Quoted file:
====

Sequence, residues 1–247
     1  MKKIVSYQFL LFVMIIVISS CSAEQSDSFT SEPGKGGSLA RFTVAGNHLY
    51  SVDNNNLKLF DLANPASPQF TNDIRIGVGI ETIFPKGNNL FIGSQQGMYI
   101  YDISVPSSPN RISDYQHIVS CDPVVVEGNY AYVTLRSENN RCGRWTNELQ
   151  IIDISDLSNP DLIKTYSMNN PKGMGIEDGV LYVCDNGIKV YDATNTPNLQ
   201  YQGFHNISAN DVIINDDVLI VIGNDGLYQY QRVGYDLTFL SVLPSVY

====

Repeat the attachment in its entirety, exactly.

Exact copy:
Sequence, residues 1–247
     1  MKKIVSYQFL LFVMIIVISS CSAEQSDSFT SEPGKGGSLA RFTVAGNHLY
    51  SVDNNNLKLF DLANPASPQF TNDIRIGVGI ETIFPKGNNL FIGSQQGMYI
   101  YDISVPSSPN RISDYQHIVS CDPVVVEGNY AYVTLRSENN RCGRWTNELQ
   151  IIDISDLSNP DLIKTYSMNN PKGMGIEDGV LYVCDNGIKV YDATNTPNLQ
   201  YQGFHNISAN DVIINDDVLI VIGNDGLYQY QRVGYDLTFL SVLPSVY